Employee in possession of cocaine successful in discrimination claims

  • Employment Tribunal
Cocaine at work
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Peninsula Group, HR and Health & Safety Experts

(Last updated )

The claimants in the case of Ms Crew & Ms Mason v Three Milestone Education Ltd were Teaching Assistants at the Respondent’s school. The first claimant (Crew) was employed from 4 September 2018. The second claimant (Mason) was employed from 6 January 2020.

Concerns were raised to the Head Teacher and the safeguarding lead about discussions having taken place between the claimants about drugs. It was suspected that Mason had class A drugs (cocaine) delivered to the school during working hours, and that she asked Crew to remove drugs from her car to stop them from being found by an imminent police search of her vehicle.

The claimants were suspended and in the suspension letter it stated that they were forbidden from having any communication with colleagues. The respondent appointed one investigating officer for Crew and another investigating officer for Mason. For the disciplinary hearing the investigating officers switched so the officer for Crew became the disciplinary officer for Mason and vice versa.  

At the disciplinary hearing Mason brought her mother as her chosen companion because in the letter sent to her by the respondent informing her of her suspension, she was informed she was prohibited from contacting colleagues. The respondent’s rules matched the statutory rules meaning the claimant could be accompanied by a colleague or trade union representative. As such, Mason’s mother was asked to leave.

Both claimants were dismissed in August 2021 for gross misconduct.

As Crew had over two years’ service, she brought a claim for unfair dismissal. The employment tribunal found that she had been procedurally unfairly dismissed due to the decision maker in the disciplinary being the investigator in the other case. The tribunal found that because the matters were so closely related, having the investigating officer of one claimant sit as the disciplinary officer of the other claimant, and vice versa, was ill advised as the decision maker was already involved and contravened ACAS guidance and the ACAS code of conduct. It found however that there was 100% chance she would have been fairly dismissed anyway in due course, and she contributed in the alternative one hundred percent to her own dismissal.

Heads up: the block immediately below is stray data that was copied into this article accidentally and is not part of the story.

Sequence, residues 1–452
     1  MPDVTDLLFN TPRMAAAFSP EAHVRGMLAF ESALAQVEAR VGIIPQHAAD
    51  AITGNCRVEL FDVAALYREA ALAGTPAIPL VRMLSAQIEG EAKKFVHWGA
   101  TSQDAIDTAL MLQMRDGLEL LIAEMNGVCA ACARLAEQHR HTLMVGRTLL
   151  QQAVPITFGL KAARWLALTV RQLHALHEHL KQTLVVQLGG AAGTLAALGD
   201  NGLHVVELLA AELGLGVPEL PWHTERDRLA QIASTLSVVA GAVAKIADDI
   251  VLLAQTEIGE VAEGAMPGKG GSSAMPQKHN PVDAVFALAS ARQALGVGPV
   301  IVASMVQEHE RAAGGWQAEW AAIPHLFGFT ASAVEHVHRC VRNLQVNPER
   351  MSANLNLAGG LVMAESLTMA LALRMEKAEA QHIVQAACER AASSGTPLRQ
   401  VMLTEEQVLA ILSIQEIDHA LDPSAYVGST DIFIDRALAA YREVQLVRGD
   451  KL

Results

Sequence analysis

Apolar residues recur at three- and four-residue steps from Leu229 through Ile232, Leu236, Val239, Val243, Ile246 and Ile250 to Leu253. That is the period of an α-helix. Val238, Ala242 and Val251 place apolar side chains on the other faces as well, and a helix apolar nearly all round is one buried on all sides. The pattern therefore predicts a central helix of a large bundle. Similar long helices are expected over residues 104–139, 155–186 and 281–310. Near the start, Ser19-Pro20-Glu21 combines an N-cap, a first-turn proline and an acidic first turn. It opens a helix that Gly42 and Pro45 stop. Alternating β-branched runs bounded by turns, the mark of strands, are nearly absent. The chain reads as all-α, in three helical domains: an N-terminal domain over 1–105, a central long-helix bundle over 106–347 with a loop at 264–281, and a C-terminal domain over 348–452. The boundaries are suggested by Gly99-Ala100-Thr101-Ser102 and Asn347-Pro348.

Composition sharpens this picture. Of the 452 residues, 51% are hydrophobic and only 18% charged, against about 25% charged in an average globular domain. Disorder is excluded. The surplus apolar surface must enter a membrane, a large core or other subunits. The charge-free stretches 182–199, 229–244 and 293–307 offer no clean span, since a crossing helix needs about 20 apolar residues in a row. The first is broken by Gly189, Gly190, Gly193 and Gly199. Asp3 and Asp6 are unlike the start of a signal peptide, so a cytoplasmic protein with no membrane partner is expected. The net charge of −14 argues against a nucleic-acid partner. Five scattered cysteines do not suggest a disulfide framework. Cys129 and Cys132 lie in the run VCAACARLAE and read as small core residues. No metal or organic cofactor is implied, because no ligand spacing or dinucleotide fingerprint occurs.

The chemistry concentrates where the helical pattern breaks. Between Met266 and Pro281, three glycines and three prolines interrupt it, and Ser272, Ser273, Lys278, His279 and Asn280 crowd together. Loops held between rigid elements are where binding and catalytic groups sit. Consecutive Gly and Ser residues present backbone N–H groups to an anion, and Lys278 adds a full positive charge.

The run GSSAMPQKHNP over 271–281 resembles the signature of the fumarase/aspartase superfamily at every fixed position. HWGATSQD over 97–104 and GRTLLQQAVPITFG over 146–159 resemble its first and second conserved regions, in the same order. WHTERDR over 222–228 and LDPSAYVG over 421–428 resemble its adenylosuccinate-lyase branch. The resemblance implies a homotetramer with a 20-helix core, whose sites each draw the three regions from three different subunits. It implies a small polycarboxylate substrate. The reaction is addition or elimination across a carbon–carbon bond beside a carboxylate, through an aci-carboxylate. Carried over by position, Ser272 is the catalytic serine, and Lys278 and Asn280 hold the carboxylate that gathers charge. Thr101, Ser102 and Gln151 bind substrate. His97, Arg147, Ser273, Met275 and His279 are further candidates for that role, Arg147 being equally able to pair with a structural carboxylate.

As Mason had under two years’ service, she could not bring a claim for unfair dismissal but brought claims for failure to make reasonable adjustments and harassment. The ET concluded that as the school knew that she was disabled - she had anxiety and depression - and may have needed support, and because the suspension letter had forbidden communication with colleagues, allowing her mother to attend was an “easy adjustment to make”. Her claim for failure to make reasonable adjustments in the form of representation by her mother succeeded. Excluding her mother also created an intimidating environment so she was also successful in her claim of harassment.

The case serves as a useful reminder that a reasonable adjustment may be to vary procedures to allow others outside of a colleague or union representative to accompany an employee to a disciplinary hearing. It is key for employers to check their invitations to disciplinary hearings to ensure that they state that should an employee wish to be accompanied by a fellow employee that they know who to contact to make the necessary arrangements, where being on suspension means they are not permitted to talk to colleagues about what’s going on. Employers should also ensure that wherever possible they have an someone impartial conducting each stage of the disciplinary process.

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